I cry because I am heartbroken

Yesterday I had to appear in Juvenile Court to testify against a student who stole from me.  I have never been to the Juvenile Courthouse before and I was quite overwhelmed.

So much so, that I began to cry…

I cried because I heard the clanking of chains.

When they brought in the youth defenders who were housed in the detention center, they were all shackled to one another and the clanking noise of the chains made me cry.

I cried because I told the student, the offender, that I had a vision of this type of trouble in his future.

When he was in my class, I told the student, the offender, who was non-compliant, over aged and seeking the thrills of the street that he would get into trouble if he did not change his ways.  I told him that to be successful in school he had to follow the rules and fly right.  I gave him more chances than I gave others because I knew that he needed it.  He didn’t heed any of my warnings and eventually, he was asked to leave.

I cried because I felt the guilt of ‘labeling’ a student a trouble maker.  Am I partly to blame?

He got into constant trouble from all of his teachers and he even got into trouble from some teachers who were not his own.  I counseled, punished and tried to work with the mother of that student.  It made no difference, he continued to do wrong.  Did I label him  and mark him as a trouble maker.  Or did I point out his flaws and weaknesses as a way to get him to do better?

I cried because I felt the need to keep my head down.

I did not want to see who else was in the courthouse for fear that I knew another one of the children scheduled to appear in court.

I cried because the court officers called names like numbers in a meat market.

Don’t they realize that the name belongs to a youngster whose life will never be the same simply because their name was called in the courthouse?  They should call the names with more respect.

I cried because I felt guilty that I was in possession of a coveted device and tempted the student.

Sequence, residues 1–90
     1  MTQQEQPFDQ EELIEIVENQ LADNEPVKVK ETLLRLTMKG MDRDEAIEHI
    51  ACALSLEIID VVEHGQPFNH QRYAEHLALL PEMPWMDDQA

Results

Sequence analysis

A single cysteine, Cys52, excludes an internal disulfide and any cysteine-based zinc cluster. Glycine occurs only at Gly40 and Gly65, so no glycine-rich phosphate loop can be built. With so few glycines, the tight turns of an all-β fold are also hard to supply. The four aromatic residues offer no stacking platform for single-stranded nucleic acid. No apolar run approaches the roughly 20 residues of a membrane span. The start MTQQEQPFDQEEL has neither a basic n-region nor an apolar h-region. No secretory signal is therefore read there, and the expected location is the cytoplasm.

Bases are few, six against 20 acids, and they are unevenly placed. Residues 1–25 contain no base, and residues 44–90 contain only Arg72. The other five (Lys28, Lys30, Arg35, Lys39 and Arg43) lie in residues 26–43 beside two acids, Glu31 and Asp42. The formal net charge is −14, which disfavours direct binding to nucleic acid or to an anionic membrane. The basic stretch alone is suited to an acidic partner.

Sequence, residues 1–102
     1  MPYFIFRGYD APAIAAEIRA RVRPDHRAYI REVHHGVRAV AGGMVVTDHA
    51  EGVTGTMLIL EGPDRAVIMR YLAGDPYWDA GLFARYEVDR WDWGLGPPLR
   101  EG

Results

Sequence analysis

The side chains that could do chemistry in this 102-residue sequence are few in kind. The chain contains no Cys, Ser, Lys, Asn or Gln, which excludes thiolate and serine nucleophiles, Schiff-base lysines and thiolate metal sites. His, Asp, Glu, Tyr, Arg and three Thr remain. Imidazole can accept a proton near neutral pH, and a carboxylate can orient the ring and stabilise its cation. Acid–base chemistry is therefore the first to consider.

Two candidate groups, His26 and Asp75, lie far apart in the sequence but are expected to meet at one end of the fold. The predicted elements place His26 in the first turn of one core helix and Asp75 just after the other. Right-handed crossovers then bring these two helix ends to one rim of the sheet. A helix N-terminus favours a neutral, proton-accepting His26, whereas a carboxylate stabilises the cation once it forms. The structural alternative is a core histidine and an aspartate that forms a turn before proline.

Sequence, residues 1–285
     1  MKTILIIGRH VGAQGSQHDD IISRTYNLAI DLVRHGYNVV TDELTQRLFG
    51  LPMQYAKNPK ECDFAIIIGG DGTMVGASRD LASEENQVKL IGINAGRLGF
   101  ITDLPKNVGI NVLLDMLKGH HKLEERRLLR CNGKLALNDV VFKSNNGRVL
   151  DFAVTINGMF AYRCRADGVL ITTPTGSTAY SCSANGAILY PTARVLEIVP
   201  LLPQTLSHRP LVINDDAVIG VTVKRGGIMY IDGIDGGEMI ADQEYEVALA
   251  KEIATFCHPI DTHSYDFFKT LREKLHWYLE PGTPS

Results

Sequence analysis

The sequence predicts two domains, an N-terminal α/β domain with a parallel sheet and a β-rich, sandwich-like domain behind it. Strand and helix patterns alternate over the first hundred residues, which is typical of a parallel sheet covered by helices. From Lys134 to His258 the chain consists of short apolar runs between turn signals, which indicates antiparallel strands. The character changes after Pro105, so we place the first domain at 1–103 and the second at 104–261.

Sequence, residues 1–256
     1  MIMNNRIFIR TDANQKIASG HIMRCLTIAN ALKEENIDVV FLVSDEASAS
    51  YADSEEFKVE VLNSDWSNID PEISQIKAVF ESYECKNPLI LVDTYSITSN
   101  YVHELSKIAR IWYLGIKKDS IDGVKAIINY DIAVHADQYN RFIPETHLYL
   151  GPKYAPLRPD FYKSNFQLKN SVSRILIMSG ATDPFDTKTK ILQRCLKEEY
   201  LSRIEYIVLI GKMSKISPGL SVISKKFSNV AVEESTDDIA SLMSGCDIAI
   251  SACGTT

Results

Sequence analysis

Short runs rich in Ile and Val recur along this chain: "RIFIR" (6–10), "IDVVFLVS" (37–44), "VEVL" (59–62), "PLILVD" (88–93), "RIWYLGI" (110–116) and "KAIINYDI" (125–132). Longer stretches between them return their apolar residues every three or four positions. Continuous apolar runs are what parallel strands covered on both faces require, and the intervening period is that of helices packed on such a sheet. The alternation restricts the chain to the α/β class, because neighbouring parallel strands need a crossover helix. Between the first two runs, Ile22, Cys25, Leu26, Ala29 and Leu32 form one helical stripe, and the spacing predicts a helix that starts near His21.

I felt like it was my fault for having the iPod that was stolen.  I cried even harder because I realized that it if it hadn’t been my iPod that day; it would have been something else from someone else another day.

I cried because I was the only one crying.

I seemed to be the only one traumatized by the experience of being in the Juvenile Courthouse.  The teens there were joking, playing or sleeping.  The moms were telling each other what their child did to be arrested or where to go to have electronic trackers removed.  I, on the other hand, could not stop crying.  Can I be the only one who sees the seriousness of this?   Maybe everyone else is all cried out?

I cried BECAUSE I was crying.

I was angry at myself for blaming myself.  I Didn’t Steal Anything From Me.  I did nothing wrong and I seemed to be the only one in the courthouse who was upset by it all.

I cried because even as I sat there reading a book, I was planning work for next schoolyear.

I was reading Street Love by Walter Dean Myers and I was thinking that it will be a powerful book to use next year to help the students find and express THEIR VOICES.  Even as I waited to testify against a student; I was planning  for the next batch of students that I will receive next schoolyear.

Because life goes on……  Students do well.  Students do poorly.  And then we start all over again next year.

Years ago, I was brought to task when I told an audience that I taught English Language Arts.  I was quickly corrected and told that I did not teach English Language Arts; I taught students.  The question that day was a trap that I fell into and the speaker used me to remind us that our first priority is to make sure that the students in our rooms leave with … something more than they had when entering our rooms.  For some it will be 2-3 grade levels in their reading abilities, others will recognize the need to add details to their writing, some will learn the summarizing techniques need to create a good digital story or they might merely learn that it is disrespectful to raise your voice to an adult.

Each of my kids is different and unique.  They have their own strengths and weaknesses.  They are

  • Scholars
  • Troublemakers
  • Helpers
  • Mothers and Fathers
  • Workers
  • Lazy and complacent
  • On house arrest
  • Community leaders
  • Silly and immature
  • Older than their years
  • Future Scientists, Lawyers, Teachers, Electricians, Doctors, Plumbers, Hairdressers and Presidents
  • Self motivated and driven

They are all different and they all need different things.  They are ALL MY KIDS.  I cry because I don’t know how to direct them all down the RIGHT PATH.  I cry because I want them to know the joys in life and none of the horrors.  I honestly don’t know what that student got from me.  He was only with me for a few months and all he probably remembers is that I always picked on him.  He’s probably saying, “She never liked me” or “She had it out for me.”   Neither statement is true.  I couldn’t be a teacher if I allowed myself to dislike a student.  They are children.  Good, Bad or Indifferent, they are kids who need guidance.

I cried because …???… I was and still am HEARTBROKEN because another one of my kids is in the justice system’s database and I couldn’t stop it.

I know that I am not Superman.  I am only one person and I can’t change the world

By VRBurton Posted in GNOWP

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